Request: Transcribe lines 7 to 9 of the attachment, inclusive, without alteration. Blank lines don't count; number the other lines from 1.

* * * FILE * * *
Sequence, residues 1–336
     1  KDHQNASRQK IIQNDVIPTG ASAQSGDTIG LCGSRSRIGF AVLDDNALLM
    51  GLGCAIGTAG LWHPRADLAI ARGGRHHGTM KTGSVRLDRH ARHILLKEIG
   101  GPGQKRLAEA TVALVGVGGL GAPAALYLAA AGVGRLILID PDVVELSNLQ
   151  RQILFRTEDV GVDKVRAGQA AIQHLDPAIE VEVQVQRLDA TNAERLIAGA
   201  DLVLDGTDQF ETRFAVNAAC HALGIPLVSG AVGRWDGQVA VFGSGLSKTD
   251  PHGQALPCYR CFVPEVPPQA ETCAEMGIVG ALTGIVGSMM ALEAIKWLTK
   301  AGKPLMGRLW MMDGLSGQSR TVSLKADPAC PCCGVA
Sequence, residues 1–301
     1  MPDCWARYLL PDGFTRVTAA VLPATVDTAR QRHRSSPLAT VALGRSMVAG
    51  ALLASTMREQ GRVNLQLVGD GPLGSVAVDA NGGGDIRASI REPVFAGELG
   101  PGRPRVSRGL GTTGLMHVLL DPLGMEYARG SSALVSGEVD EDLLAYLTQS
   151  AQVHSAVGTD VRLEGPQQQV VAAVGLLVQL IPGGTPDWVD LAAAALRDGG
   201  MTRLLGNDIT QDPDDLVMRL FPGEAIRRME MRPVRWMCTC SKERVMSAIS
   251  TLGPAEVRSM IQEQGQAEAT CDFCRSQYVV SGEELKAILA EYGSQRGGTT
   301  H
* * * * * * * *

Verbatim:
   251  PHGQALPCYR CFVPEVPPQA ETCAEMGIVG ALTGIVGSMM ALEAIKWLTK
   301  AGKPLMGRLW MMDGLSGQSR TVSLKADPAC PCCGVA
Sequence, residues 1–301